The heated housing market is preventing the Reserve Bank from making further cuts to interest rates, which are needed to push the exchange rate down.
Leading economist, Ross Garnaut says the Australian economy is facing “very difficult circumstances” and a lower exchange rate is needed to prevent our economy weakening further, Fairfax reported
"There may be excessive price inflation in housing, and if that is the case it is very important that we deal with that problem with specific measures rather than running our whole monetary policy to suit the housing sector." Fairfax quoted Garnaut.
Garnaut said changing the capital adequacy rules that bias housing lending will go some way to help cool the property market without raising rates.
"It is ludicrous to be worried about lending risks in the housing sector on the one hand while at the same time requiring banks to put more capital aside when they are lending to BHP," he told Fairfax.
"And there are several reasons to do something about negative gearing. There are budget reasons, and reasons to do with keeping within reach the old Australian dream of widespread home ownership. It would also contribute to putting a lid on the housing bubble so we could reduce interest rates and the exchange rate as required by the rest of the Australian economy. But the problems can't be solved by the Reserve Bank alone. It requires co-ordination of prudential regulation, monetary policy and fiscal policy."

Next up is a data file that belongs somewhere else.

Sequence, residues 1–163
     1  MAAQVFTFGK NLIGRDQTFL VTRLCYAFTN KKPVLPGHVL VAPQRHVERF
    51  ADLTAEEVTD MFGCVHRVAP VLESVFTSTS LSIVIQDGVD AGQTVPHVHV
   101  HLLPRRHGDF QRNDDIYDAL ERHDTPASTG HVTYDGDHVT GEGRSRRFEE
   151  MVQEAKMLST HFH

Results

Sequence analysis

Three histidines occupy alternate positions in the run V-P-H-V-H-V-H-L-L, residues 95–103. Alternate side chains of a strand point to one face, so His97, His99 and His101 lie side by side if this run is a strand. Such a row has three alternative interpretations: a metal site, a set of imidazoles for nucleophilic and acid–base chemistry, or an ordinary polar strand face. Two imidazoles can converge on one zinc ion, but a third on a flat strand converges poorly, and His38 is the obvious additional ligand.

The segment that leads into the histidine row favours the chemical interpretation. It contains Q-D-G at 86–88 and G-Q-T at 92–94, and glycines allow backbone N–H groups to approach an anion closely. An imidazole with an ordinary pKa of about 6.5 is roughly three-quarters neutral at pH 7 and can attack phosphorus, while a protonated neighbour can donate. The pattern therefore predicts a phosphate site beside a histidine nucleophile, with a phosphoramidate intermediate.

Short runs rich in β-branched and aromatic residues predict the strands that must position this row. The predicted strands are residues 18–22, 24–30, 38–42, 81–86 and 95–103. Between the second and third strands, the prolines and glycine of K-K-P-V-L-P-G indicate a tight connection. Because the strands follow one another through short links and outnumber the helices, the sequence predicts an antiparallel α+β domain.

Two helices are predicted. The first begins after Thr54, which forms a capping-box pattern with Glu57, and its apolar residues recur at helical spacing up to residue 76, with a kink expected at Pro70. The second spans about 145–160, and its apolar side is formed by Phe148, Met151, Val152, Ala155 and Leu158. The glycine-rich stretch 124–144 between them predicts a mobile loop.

In a speech to the Committee for Economic Development of Australia (CEDA) in Adelaide last week, the Reserve Bank governor, Glenn Stevens
expressed his concern that the low-rate environment might be at risk of creating a housing bubble. He also called upon the government to step up and design policies to help the Central Bank’s monetary setting.